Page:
Then there were the infamous wetsuit strippers. I had to have them help me, because that just seemed like so much fun! Then - what are the odds - I heard "Kelly Yapp", and spotted her just ahead. I was able to catch up to my teammate and walk to transition with her. Usually, getting out of the lake I feel seasick, but today that was nowhere in sight, I was fresh. I grabbed my bag, made my way to the "get naked room" and changed into biking clothes. Because I had a superstar-low number, I walked all the way down the rows and rows of bikes to mine at the end. I wanted to run, but my training book told me not to (it also told me I would want to run). This image from the day before the race is of *half* of the bikes; mine is against the wall at the far end. A volunteer called out my number on a megaphone, another had my bike unracked and ready for me. Throughout the day, the volunteer support was so much more than I expected. I was a complete VIP - people did whatever I asked of them, and immediately.
I put on my shoes, carefully clipped in, and headed down the helix to the bike course. As promised in my training book, "you will feel better than you have in the last two months" was absolutely true. I exercised great restraint as I got rolling and settled into my aerobars, and kept the pace easy. Living in Madison and being very familiar with the bike course was a tremendous help - I knew all the terrain, road conditions, bumps, and turns. It was funny to see the big piles of launched water bottles just beyond the bigger bumps. The day was gorgeous and sunny, though the temperature made it up to 85, and the heat was strong. I took my time at the water stops to refill my bottles, dump some extra on my back, and keep on eating - indeed, as the miles went on, eating became less and less interesting. Again, the volunteers were great. Justin from Endurance House was up in Cross Plains, and refilled my bottles while I used the bathroom, I mean, the support made me feel elite. Police were at practically every intersection, roads were closed off, motorcycles cruised around with referees.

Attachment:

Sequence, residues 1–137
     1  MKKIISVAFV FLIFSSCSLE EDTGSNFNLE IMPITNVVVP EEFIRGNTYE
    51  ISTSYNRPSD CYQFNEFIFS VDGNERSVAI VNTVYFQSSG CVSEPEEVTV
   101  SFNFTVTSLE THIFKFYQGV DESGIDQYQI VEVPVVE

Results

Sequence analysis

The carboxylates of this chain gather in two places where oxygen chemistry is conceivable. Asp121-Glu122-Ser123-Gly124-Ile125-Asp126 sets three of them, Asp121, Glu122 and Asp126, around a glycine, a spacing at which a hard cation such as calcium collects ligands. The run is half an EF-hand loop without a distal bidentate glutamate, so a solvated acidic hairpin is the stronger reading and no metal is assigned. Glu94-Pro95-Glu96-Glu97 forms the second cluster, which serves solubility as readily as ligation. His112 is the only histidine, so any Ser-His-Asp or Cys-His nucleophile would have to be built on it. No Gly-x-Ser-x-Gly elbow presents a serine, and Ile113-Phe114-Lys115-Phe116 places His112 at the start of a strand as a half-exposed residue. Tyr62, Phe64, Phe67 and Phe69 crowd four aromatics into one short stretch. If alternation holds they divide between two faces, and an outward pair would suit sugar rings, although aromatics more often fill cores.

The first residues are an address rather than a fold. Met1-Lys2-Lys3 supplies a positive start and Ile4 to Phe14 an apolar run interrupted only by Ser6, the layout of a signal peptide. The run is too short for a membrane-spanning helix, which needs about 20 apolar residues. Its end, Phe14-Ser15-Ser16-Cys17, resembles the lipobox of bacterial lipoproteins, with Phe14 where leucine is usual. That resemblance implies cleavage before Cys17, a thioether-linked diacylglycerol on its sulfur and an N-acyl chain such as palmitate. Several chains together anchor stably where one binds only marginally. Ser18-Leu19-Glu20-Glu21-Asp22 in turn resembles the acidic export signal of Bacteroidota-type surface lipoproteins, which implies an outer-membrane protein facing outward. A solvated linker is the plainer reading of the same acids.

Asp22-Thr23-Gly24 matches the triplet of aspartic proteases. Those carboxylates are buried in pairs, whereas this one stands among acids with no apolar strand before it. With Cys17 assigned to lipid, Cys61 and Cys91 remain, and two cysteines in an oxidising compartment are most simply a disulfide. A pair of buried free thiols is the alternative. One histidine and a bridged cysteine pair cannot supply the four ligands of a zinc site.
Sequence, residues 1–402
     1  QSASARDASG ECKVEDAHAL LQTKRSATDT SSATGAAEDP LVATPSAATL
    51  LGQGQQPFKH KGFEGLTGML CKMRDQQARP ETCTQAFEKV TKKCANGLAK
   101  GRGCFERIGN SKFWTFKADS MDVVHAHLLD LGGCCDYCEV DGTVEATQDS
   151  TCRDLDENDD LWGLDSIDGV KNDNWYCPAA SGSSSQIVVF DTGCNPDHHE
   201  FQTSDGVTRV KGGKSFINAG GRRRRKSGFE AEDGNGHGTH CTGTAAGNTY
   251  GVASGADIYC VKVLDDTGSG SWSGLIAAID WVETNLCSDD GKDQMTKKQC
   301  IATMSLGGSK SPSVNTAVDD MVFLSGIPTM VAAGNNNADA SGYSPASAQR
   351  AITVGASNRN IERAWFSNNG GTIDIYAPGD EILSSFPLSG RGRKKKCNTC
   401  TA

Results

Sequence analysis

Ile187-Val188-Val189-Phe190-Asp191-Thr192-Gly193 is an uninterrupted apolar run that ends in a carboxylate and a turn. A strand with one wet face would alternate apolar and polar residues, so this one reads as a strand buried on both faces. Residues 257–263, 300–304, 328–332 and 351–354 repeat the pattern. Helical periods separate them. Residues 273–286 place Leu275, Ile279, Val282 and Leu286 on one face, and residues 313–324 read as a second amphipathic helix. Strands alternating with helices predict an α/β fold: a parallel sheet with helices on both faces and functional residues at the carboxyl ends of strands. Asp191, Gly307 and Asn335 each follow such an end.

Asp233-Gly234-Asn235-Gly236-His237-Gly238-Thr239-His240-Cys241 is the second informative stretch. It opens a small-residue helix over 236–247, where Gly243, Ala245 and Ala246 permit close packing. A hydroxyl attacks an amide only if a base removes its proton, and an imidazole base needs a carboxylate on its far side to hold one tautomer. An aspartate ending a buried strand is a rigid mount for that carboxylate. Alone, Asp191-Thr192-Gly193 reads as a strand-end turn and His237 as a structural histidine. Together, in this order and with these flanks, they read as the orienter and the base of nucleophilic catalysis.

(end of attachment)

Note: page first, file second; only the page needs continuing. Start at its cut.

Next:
The fans. They had driven out all over the county to cheer along the course. My family was stationed in the spots we had discussed, and brought more friends with them! TNT Teammates, friends from church, my Ironman insurance agent, my Ironman dentist - they were all over the place! Jenn had placed inspirational signs along the route including lyrics to my favorite song, and her favorite quote from my training manual, "Maintain task orientation", which I'm pretty good at. :) The huge crowds on the climbs reminded me of scenes from the Tour. Along the way, I had some nice conversations with fellow riders near my pace. At one point, the pro men's field went zooming by me, finishing their second loop as I was finishing my first. I thought a car was coming up, but it was just their awesome disc wheels. I kept my excitement under control and rode steadily, and was glad to have plenty of energy to start the run. Coming into the home stretch, my eyes saw physically what my mind had visualized for the last year, the sweeping Madison skyline beyond the lake, and the tears bubbled up again.
I was curious to see whether the marathon would feel anything like my practice transition runs... like whether my legs would run at all. A volunteer took my bike and I moved smoothly through T2, and found Jon and David on the other side. Jenn and mom were also in the crowd as I came out of the chute (with a hat full of refreshing ice I had just picked up.) It felt better than I expected it to - partially because my shoulders and butt were ready to get off that bike! Just as the summary of Madison says in Triathlete magazine, "spectator support on the run course is unparalleled." People were everywhere, and going crazy. As I began my marathon, top finishers were completing the race on the other side of the road. From there, anyone could be in front or behind me, because of the two-loop out-and-back course. My first mile split was 8:57 - oops, I guess I wasn't going as slowly as I thought :) I eased it off some more, focused in on my form, and settled into the race. I walked through the water stops to take on nutrition, alternating Gatorade and cola. In standalone marathons, I've done well with gels too, but the previous 9 hours were catching up with me, and my stomach became my top limiter. Not what I was expecting - I thought my legs would be burning up. So I regrouped a bit, walked when I needed to until I felt settled, then just kept trotting along. I felt surprisingly solid - I know the fans helped a lot, all through the night.